The result is a comforting and thought-provoking ramble. Listening to Constant Comments is like walking down 3rd Street, between Coles and Monmouth, late at night, glancing into the glowing windows of strangers’ homes: I can’t help but make up stories for these scattered shards of song. The 12 tracks of Constant Comments, then, are glimpses into other worlds, at once foreign and familiar, and altogether compelling.
I won’t be in the office tomorrow. I’ll be down in Hunterdon County, NJ, helping a very good friend set up a very special hi-fi system. This is bigBIGnews, but I can’t say anything else about it yet.
If I could attend just one music festival each year, it would be Iceland Airwaves, held October 1216, in downtown Reykjavik, Iceland. Launched in 1999 (in an airplane hangar!), Iceland Airwaves holds parties and performances in a handful of the city’s best venues and sets exciting local talent alongside outstanding international actsall within a landscape of stunning beauty.
Forum member “jgrossman” wants to know what’s stopping more people from getting into hi-fi. Is it the high cost of audio components, the hobby’s steep learning curve, the lack of hi-fi dealers, or something else?
Anton argues that audiophiles are the problem. “I have seen the enemy of high end audio,” he writes, “and it is us.”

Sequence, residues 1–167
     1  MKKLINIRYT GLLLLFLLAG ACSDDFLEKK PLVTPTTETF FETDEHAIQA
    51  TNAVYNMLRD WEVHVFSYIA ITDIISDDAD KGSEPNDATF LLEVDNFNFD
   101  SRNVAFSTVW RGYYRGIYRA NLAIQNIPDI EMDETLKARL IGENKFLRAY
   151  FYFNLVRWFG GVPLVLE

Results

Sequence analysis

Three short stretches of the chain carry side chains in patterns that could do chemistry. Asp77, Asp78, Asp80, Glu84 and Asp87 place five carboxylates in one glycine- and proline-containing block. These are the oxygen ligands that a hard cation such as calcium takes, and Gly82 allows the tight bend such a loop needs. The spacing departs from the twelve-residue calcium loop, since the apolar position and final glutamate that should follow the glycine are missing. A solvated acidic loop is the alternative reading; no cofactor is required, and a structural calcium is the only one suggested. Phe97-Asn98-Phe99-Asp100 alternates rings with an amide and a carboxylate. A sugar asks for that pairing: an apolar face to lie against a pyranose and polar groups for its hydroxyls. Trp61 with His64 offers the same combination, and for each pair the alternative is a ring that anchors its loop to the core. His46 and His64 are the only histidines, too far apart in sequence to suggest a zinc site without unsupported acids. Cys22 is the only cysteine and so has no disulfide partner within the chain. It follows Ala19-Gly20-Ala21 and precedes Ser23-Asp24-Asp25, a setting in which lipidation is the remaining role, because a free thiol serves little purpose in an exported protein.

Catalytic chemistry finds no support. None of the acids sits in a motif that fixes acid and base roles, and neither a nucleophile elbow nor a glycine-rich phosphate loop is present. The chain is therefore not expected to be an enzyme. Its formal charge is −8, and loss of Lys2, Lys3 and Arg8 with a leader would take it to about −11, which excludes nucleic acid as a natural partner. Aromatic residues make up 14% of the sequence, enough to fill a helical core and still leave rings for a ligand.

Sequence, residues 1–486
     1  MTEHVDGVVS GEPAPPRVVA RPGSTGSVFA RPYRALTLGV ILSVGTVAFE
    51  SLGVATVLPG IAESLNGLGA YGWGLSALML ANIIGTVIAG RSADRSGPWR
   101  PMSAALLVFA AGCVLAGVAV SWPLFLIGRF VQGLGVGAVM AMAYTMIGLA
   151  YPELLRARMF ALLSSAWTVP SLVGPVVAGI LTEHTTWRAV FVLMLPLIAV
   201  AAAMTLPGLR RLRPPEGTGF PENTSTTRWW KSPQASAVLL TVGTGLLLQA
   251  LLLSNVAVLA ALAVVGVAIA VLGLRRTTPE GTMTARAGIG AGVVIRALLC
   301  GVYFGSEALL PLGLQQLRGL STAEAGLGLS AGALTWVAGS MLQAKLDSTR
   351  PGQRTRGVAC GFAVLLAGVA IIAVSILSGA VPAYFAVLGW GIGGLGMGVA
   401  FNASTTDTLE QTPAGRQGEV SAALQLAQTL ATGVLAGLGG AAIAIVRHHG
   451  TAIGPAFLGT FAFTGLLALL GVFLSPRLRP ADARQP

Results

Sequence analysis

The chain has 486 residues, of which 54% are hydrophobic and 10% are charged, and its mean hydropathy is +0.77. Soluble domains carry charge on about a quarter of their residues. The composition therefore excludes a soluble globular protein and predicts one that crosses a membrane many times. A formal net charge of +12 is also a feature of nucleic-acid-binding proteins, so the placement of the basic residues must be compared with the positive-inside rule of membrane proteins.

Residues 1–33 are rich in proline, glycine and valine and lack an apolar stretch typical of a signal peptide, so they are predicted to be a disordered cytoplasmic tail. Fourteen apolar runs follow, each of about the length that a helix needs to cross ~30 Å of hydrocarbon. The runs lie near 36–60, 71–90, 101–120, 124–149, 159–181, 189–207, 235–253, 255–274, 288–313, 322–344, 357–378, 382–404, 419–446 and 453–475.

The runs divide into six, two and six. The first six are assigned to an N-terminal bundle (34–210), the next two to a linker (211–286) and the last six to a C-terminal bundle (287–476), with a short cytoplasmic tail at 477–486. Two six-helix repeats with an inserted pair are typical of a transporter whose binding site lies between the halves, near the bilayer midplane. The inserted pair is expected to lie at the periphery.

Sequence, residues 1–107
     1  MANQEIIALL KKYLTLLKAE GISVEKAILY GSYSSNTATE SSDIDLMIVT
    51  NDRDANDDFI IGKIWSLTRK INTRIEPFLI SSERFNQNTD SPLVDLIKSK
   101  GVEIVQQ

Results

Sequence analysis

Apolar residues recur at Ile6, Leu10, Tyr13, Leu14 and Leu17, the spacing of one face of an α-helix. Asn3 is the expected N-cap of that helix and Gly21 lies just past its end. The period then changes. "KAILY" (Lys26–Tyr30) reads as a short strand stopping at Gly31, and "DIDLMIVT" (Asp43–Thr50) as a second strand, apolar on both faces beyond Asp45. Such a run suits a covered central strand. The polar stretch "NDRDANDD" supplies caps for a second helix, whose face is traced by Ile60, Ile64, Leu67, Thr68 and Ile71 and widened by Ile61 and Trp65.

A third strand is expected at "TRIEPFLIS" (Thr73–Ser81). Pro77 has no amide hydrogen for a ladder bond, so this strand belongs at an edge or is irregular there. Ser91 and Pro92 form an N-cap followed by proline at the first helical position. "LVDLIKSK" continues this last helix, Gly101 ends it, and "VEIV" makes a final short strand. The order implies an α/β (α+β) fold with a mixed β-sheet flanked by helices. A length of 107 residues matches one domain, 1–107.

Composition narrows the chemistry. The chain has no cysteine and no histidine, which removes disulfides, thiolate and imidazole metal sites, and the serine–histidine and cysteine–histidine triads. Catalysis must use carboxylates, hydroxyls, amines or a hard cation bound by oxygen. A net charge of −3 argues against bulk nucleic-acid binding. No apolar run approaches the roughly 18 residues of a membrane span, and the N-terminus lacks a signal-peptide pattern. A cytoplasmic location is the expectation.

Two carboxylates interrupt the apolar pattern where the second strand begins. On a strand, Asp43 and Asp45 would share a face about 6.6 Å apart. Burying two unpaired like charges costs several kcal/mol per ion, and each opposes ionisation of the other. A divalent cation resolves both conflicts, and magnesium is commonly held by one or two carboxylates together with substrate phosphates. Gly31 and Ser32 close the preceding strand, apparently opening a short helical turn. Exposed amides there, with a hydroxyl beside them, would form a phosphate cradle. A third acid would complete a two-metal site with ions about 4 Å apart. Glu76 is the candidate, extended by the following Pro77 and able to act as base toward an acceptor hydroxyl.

Oneohtrix Point Never is young electronic composer Daniel Lopatin. His critically acclaimed Returnal shook my listening room walls, clattered around in my mind, and stirred my soul. While more lighthearted recent collaborations with Joel Ford (first under the guise of “Games” and later simply as “Ford and Lopatin”) haven’t reached the same emotional depths, news of Lopatin’s upcoming album, Replica, is intriguing.
Already flooded with contenders offering innumerable models in various shapes, sizes, and colors, the headphone market grows even larger today with the launch of SOL Republic, a “music lifestyle company” dedicated to “delivering innovation in sound, style, and durability.” Four SOL Republic models will initially be offered: Amps ($59.99) and Amps HD ($99.99) in-ear models, and Tracks ($99.99) and Tracks HD ($149.99) on-ear models.
The company, whose initials stand for “Soundtrack of Life,” is led by three music lovers with impressive backgrounds in business development and marketing:
During the final episode of Radio Happy Hour, held at Manhattan’s Le Poisson Rouge on Friday, August 12, we were treated to performances by New York five-piece, Twin Sister. The band played a selection of songs from In Heaven, an unabashed pop album full of hooks and charms, to be released by Domino on September 27.
I was drawn to this music from its earliest momentsthose celestial and far-reaching chimes, old-school synth beats, and Andrea Estella’s arresting vocal delivery, a strange and glittering coo, reaching out to “Daniel”: